In February the people of Liverpool were told three things by the Labour Party:
- That they had negotiated the best possible deal with the Government to use new powers and attract new money.
- That the deal would be the biggest and best because they were prepared to adopt an elected mayor without a referendum
- That they would be able to use the money and powers more quickly if we avoided the referendum.
Liberal Democrats said quite clearly that all three of these were untrue. We knew from our discussions with the Government that the amount of money received was not dependent at all on mayoral model. Regrettably just how true we were has now been revealed.
Leeds and Manchester have achieved £1 billion plus settlements instead of the £130 million which was all that Labour could negotiate for. Neither Leeds nor Manchester has agreed to move to the elected mayor model. All the money that they have generated is for employment, infrastructure and training whereas ours was only partly ‘city deal’ with a big chunk of the money coming for Academies which the government wanted to fund through a separate DFE source anyway.
No cheque is waiting in Whitehall to be sent to Liverpool on 4th May. Business plans for economic development and detailed proposals for the Academies have yet to be finished never mind submitted to Government. All the preparation could have been done between now and November if the people of Liverpool had decided to go for an elected mayor. New methods of governance could have been agreed in Liverpool which were a none elected mayor model by the end of May which would have enabled us to finalise things more quickly than that.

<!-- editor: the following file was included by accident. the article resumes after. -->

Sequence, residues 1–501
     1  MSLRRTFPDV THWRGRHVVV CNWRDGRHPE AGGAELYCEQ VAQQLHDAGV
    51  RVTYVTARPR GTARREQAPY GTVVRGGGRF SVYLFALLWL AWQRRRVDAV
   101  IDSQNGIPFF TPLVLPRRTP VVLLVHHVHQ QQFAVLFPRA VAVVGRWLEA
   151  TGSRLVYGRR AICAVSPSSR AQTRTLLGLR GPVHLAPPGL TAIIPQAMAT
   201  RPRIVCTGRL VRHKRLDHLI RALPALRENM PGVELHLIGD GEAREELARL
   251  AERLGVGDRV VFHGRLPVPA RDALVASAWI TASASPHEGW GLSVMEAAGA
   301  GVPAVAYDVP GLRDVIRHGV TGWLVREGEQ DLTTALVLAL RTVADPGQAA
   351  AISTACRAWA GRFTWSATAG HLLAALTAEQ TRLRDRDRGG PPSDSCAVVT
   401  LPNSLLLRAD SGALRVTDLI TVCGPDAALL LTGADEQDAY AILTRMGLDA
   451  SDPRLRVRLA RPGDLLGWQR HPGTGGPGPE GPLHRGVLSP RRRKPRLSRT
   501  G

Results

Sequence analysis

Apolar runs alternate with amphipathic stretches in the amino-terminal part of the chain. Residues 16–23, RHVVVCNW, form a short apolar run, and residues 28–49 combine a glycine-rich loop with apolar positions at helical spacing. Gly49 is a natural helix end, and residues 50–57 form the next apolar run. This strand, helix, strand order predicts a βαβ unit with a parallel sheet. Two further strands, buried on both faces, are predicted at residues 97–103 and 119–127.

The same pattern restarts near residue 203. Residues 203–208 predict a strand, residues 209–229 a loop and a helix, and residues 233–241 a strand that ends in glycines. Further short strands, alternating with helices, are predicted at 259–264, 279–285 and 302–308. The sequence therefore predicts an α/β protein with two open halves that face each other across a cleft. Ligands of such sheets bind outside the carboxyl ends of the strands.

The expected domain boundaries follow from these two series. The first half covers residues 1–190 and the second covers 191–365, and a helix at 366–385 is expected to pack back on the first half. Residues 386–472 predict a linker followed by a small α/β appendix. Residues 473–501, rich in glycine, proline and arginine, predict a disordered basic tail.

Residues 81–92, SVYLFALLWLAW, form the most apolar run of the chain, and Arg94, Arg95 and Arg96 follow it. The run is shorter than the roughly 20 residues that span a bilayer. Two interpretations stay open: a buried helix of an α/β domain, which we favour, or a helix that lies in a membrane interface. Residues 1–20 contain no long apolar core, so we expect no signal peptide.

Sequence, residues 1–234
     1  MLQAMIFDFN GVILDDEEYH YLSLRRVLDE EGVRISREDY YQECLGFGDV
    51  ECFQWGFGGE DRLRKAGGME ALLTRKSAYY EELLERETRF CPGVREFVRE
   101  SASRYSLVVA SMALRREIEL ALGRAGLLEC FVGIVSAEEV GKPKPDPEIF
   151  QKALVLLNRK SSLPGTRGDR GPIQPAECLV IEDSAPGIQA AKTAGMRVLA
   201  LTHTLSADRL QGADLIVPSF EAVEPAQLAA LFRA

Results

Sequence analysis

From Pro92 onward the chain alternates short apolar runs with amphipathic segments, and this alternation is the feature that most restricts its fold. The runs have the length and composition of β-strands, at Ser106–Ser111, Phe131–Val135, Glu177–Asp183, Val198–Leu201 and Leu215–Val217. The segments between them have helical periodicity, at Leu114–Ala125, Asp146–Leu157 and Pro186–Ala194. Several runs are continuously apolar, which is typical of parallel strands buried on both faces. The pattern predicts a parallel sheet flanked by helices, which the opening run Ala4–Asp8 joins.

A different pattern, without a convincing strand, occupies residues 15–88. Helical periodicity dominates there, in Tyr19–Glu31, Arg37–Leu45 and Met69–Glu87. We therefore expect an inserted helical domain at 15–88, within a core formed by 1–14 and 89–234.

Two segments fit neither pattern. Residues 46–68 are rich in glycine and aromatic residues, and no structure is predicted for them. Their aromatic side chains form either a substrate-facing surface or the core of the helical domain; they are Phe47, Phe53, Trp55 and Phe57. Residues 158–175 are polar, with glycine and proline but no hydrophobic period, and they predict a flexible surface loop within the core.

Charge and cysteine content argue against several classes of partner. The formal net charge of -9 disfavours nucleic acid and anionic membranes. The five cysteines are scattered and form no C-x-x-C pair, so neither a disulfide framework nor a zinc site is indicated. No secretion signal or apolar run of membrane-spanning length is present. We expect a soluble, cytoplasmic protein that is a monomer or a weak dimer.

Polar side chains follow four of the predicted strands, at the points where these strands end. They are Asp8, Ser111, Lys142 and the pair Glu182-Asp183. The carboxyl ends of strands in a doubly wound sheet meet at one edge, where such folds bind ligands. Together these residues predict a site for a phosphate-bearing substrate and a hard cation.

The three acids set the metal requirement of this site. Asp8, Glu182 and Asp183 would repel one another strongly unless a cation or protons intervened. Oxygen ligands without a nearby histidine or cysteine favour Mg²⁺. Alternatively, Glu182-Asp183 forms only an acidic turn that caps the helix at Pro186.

This means that what we said at the special council meeting on March 7 is absolutely true. There was nothing to be gained by avoiding a referendum. As I canvass in wards across the city the only time the mayoral model is mentioned one of two opinions are voiced:
- “We don’t want one – it isn’t right”; or
- “It should have been the people of Liverpool who decided not a back room discussion inside the Labour Party”.
They are quite right. In my estimation the people of Liverpool would have voted against an elected mayor model if they had been given the facts and allowed to express their viewpoint in a referendum.
In my manifesto I give a series of activities that I would want to take back to the government such as the development of a train/tram link through South Liverpool to the airport; an enterprise factory to create jobs; a new bond market led investment fund; a ‘curry mile’ for Lodge Lane and many others. These need funding and would provide good value for money for the government. These are the sorts of things that Manchester, Leeds, Bradford, Newcastle, Wakefield, Birmingham etc are applying for and getting support for.
So Leeds and Manchester got approximately £10 for every £1 that Liverpool got. This isn’t a good deal for Liverpool it’s a bad one and I believe needs to be renegotiated – a pledge which I happily make.